• [0044]
    It may also be noted that an alternative embodiment of a datatable according to the present disclosure may provide for collections of strings in any of the criteria elements, as opposed to singular individual strings, and may have significant advantages of convenience in specifying rules.
  • [0045]
    A further alternative embodiment of a datatable according to the present disclosure may provide for negative logic in the criteria fields. As an example, a useful rule might be interpreted as: if the requesting application name does NOT match any of the application name(s) specified by this rule, consider the application name criteria met.
  • [0046]
    In any of the above-described embodiments, a user application such as an editor may also be provided so as to allow manipulation or editing of the rules within the ruletable.
  • [0047]
    A feature may also be included in the various embodiments of the process described above to provide some sort of user feedback, such as an audible alert or a balloon tip, when file requests are blocked. While the process described herein may operate to protect a computer system without requiring user intervention, it may be desirable to indicate in some fashion to a user of the computer system that the computer system is being threatened. Such as warning may prompt the user to take additional or different measures in enhance protection of the computer system against unwanted intrusion of malware.
  • [0048]
    Since the addition of new and desirable software programs, for example, is a deliberate act, a means may be provided for the user to “suspend” the file-blocking mechanism when the user wishes to perform such a deliberate act.
  • [0049]
    For convenience and robustness of protection, the system and method of the present disclosure may contain a feature to automatically resume protection, once suspended, after a user-specified time interval. Since the suspension of the file-blocking mechanism is a necessary act to install software, the user may be advised to refrain from activities that might increase the vulnerability of the computer (web browsing, opening email attachments, use of instant messenger type programs, etc.) while the file-blocking mechanism is suspended.
  • [0050]
    The flowchart of FIG. 4 illustrates one possible implementation of this suspension of protection mechanism in the form of a disabler 400. When a user makes the request to suspend file blocking in box 410, in addition to performing the actions necessary to disable the file blocking mechanism in box 420, a system timer 430 may be activated.
  • [0051]
    When the system timer 430 event occurs upon the expiration of a user-specified time delay 440, a code thread of box 450 executes. This code may remind the user that file blocking is still suspended in box 460, and may query if the user would like to re-enable the file blocking mechanism in decision box 470. If the user chooses in box 470 not to re-enable file blocking at this time, the system timer may be restarted in box 480. This action may then reinitiate the delay and query cycle of 440, 450, 460 and 470, such that the user may be reminded again of the suspension and whether to re-enable file blocking. If the user chooses in box 470 to re-enable file blocking, the actions necessary to enable the file blocking mechanism (for example but not limited to the file blocking approach of FIG. 1) may be taken in box 490.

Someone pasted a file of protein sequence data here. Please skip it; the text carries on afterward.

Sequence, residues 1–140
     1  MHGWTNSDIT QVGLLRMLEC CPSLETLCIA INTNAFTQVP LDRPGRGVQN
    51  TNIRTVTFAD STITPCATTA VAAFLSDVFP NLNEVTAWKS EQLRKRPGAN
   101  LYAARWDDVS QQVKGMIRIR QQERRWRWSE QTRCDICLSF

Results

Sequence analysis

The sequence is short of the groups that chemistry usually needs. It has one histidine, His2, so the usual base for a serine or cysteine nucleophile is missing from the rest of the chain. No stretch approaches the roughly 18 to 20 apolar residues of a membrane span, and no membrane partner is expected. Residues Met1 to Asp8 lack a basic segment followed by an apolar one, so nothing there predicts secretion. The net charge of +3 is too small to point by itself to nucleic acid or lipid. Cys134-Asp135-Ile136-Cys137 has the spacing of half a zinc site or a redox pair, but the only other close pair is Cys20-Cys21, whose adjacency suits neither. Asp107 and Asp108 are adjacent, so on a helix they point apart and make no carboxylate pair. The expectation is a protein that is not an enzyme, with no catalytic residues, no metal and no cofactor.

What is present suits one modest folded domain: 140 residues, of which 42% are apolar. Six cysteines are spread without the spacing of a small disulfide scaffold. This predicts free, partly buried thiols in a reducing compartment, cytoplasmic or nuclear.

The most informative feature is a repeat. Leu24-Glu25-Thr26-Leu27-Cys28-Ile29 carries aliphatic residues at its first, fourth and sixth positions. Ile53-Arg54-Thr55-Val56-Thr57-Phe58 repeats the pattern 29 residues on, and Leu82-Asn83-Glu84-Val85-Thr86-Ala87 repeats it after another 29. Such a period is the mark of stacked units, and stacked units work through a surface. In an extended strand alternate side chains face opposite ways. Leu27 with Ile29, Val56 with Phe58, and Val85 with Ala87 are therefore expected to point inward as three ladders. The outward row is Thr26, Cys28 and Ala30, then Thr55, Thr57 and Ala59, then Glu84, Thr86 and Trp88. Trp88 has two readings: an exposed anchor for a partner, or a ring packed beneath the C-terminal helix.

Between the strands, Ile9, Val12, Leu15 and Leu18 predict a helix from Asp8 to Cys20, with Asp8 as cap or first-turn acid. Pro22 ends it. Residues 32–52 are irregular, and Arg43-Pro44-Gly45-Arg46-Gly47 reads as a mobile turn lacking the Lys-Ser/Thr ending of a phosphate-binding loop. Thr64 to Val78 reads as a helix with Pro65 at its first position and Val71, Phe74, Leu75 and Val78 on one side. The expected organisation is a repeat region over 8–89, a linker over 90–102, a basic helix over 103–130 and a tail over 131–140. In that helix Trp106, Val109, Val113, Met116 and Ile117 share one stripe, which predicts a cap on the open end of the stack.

• [0052]
    It can be appreciated that the user may wish to specify an arbitrary time delay interval for the re-enabling reminder in boxes 430 or 480. It can also be appreciated that the user may wish to specify that no automatic re-enabling reminder will occur, to effectively cause indefinite suspension of file blocking, presumably to be manually re-enabled by the user when the user wishes to do so.
  • [0053]
    A file blocking approach to computer security as disclosed herein describes an approach to controlling the admittance, without the awareness of the user, of malicious or unwanted program software components onto a computer system. The invention is not dependent on advanced knowledge of signatures of the malicious software, and may therefore provide an active, rather than a reactive, solution to the problem of malware propagation. Mechanisms such as described herein may thwart malicious or undesirable software installation by controlling a computer system's ability to create or modify executable files on a per-process, per-folder, per-filename, and/or per-file type basis. A rule-based mechanism according to the present disclosure may provide significant flexibility to the file blocking mechanism so as to permit balancing between total system lockdown and locking only those applications that present the most significant risk of admitting malicious software while allowing other, more trusted, applications the ability to touch program software components.
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Classifications
U.S. Classification726/24
International ClassificationG06F12/14
Cooperative ClassificationG06F21/6281, G06F2221/2149, G06F2221/2137, G06F21/51, G06F21/56
European ClassificationG06F21/51, G06F21/62B9, G06F21/56